4.3. Structural Model

The R2 value of customer satisfaction is 0.705, and the R2 value of revisit intention is 0.510. In the PLS structural model, the path coefficient and t-value of the structural model representing the causal relationship between latent variables are shown in Table 6. If the t-statistic is greater than ±1.96, it can be interpreted that the research hypothesis is adopted [44]. As a result of the test, five of the seven hypotheses were adopted except for H1-1 and H1-4. In the test between service quality and customer satisfaction, reliability, responsiveness, and empathy were found to have a positive (+) effect on customer satisfaction, and the added factor of COVID-19 regulations was also found to have a positive (+) effect on customer satisfaction. On the other hand, two of the SERVQUAL factors, tangibles and assurance, were found to not be significant toward customer satisfaction. This was followed by the next hypothesis, which was H2, and was proven to be highly significant.

4.4. ANOVA Analysis

ANOVA was conducted to analyze the average difference between the demographic factor and the mean of variables, and Duncan test was performed for post validation. The results are shown in Table 7 and Table 8. As a result of the analysis according to nationality, there was a significant difference in mean (M) of Assurance (A) and Empathy (E). In M_A, Nepal has the lowest average value, and Uzbekistan has the largest average value. In M_E, Nepal has the lowest average value, and the United Kingdom has the largest average value.
The average difference analysis according to the medical department showed significant results for average of Customer Satisfaction (CS), Reliability (Rb), and COVID-19 regulation, (CO). In M_CS, Other showed the smallest average value, and Ear, Nose, and Throat showed the largest average value. In M_Rb, general surgery showed the smallest average value, and like M_CS, Ear, Nose, and Throat had the largest average value. In M_CO, Psychiatry has the highest average value, and Other had the lowest average value.

5. Discussion

As a survival requirement for hospitals that are already experiencing difficulties in retaining patients, customer-oriented service quality management strategies have been identified as key to survival. Due to the rapid increase in foreign patients visiting domestic medical institutions, interest in the satisfaction of foreign patients is increasing for qualitative and continuous visits. The purpose of this study is to provide information for the sustainability of the medical industry by recognizing the relationship between the medical service quality factors of foreign patients on customer satisfaction and revisit intention. The discussions and implications of this study are discussed below.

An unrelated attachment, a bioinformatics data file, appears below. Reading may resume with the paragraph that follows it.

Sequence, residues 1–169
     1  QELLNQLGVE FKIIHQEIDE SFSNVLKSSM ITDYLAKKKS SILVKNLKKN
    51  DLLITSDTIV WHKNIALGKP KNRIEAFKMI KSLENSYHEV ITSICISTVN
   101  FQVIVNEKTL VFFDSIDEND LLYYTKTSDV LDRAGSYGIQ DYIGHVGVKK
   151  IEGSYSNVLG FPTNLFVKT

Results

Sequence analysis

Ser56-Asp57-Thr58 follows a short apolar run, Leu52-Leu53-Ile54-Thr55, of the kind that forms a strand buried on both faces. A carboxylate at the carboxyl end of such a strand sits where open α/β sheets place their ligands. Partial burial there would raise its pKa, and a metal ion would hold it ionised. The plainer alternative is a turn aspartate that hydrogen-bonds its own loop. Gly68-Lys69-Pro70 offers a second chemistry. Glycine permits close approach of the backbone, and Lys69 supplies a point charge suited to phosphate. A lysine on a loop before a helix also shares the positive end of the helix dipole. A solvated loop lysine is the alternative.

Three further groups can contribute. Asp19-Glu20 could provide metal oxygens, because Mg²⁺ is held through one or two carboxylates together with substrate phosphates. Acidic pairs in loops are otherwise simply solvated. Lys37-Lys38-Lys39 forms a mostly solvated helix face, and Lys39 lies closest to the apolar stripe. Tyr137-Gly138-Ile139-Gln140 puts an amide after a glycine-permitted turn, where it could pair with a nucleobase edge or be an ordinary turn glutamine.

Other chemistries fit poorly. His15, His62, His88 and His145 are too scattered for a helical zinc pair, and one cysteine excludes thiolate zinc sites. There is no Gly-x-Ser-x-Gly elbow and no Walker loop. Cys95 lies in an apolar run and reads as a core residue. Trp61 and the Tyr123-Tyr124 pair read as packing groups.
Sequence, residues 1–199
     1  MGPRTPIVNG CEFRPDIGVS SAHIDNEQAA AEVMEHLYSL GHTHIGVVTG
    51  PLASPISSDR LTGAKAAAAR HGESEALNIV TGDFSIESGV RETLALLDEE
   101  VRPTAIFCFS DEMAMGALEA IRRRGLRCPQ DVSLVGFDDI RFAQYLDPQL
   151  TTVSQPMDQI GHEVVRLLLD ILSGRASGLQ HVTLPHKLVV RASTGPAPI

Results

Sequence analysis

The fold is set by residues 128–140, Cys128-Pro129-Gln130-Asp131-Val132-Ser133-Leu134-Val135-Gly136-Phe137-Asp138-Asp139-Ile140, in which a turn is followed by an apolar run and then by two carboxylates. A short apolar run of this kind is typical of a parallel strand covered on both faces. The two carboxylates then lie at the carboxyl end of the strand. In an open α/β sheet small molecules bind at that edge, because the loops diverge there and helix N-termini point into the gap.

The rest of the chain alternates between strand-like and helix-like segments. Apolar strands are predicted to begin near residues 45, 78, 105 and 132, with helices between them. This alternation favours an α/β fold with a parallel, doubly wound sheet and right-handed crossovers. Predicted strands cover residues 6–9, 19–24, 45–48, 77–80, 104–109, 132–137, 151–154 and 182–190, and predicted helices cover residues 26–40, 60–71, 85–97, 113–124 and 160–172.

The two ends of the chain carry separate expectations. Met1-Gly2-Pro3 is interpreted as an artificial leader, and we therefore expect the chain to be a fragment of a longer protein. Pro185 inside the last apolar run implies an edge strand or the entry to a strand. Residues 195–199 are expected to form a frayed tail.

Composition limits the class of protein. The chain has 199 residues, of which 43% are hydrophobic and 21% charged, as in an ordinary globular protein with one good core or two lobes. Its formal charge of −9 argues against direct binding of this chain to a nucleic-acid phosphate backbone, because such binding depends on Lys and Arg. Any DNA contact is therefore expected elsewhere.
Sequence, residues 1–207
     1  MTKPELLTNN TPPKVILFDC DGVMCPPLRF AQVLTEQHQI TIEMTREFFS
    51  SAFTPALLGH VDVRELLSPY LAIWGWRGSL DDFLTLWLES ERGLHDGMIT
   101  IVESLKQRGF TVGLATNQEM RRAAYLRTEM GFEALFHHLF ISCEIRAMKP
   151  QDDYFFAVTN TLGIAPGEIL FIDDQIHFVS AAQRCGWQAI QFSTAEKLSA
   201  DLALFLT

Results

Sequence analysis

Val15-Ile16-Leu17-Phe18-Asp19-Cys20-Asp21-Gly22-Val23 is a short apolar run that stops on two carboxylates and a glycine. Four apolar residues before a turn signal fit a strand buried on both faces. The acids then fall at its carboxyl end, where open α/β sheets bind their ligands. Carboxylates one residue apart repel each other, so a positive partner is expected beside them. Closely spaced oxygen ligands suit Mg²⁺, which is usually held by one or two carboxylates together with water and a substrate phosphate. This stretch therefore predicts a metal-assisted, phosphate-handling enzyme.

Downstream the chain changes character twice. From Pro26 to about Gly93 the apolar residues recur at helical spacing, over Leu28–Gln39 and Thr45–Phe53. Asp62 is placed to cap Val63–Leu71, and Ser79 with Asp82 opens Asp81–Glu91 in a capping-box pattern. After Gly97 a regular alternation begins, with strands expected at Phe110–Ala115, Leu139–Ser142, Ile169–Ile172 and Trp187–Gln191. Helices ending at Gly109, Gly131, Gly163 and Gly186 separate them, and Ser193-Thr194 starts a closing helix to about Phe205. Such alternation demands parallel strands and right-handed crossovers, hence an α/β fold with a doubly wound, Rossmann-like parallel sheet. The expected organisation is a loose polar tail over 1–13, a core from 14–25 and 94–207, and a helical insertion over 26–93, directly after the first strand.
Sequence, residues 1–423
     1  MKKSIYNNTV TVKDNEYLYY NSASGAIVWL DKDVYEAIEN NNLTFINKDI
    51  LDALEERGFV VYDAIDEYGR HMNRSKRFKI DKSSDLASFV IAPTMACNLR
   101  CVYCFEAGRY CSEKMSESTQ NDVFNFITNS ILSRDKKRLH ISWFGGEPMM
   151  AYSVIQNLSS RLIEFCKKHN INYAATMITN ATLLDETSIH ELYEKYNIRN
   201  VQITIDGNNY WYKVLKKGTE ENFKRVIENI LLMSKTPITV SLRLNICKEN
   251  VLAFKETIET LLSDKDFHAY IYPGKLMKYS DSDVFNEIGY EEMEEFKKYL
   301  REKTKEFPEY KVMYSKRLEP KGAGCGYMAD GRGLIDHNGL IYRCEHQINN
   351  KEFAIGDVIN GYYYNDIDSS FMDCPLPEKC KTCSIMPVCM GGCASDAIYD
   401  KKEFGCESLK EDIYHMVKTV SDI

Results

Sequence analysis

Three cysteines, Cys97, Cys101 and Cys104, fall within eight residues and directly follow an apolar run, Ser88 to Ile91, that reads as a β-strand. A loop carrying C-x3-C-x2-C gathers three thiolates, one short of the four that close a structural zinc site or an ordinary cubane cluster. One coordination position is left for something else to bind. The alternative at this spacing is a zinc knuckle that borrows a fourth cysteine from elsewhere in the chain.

5.1. Theoretical Implications

This research examined the ways in which medical service quality factors led to customer satisfaction. Among the quality of medical services, reliability, responsiveness, empathy, and COVID-19 regulations were found to have a positive (+) effect on customer satisfaction, and tangibles and assurance were found to have a negative effect on customer satisfaction. As it was a post COVID-19 study, the period is different from previous research, and the results are slightly different from it. The most dominant result being that COVID-19 regulations had a positive effect on customer satisfaction. With that being said, this is consistent with Diego et al.’s [28] research; hospitals should put more effort not only into service quality but also into COVID-19 regulations.
We discovered that customer satisfaction of medical services had a positive (+) effect on revisit intention. This is consistent with previous studies, when a positive attitude toward service quality is formed, customers are satisfied, and then the intention to reuse the service also increases [19,43,45]. However, the impact of tangibles on customer satisfaction is not significant, which differs from the results of previous studies conducted by Kim and Kim [20] and Wi et al. [5]. This may be due to the difference in the study subjects, as this research focused on foreigners, whereas the previous studies focused on Koreans only.
This study also uncovers differences on how specific groups of people perceived their customer satisfaction. For example, there was an average difference in assurance and empathy according to nationality. In addition, there are differences in the average of customer satisfaction, reliability, and COVID-19 regulations depending on the medical department.

5.2. Practical Implications

The COVID-19 pandemic had a negative impact on the medical industry; however, the current situation is slowly improving [46]. At this point, the medical industry has an opportunity to revive business and generate income. According to this study’s results, customer satisfaction had a high positive effect on revisit intention as in other previous studies. This study shows the dimensions of SERVQUAL affecting customer satisfaction in the hospital, and with that, this study provides many insights for hospital management strategies.
To maximize customer satisfaction, medical staff should focus on improving the quality of their medical services, specifically in the areas of reliability, responsiveness, empathy, and COVID-19 regulations. This study highlights the importance of providing accurate and timely services, as well as showing a genuine interest in resolving any issues that arise with patients.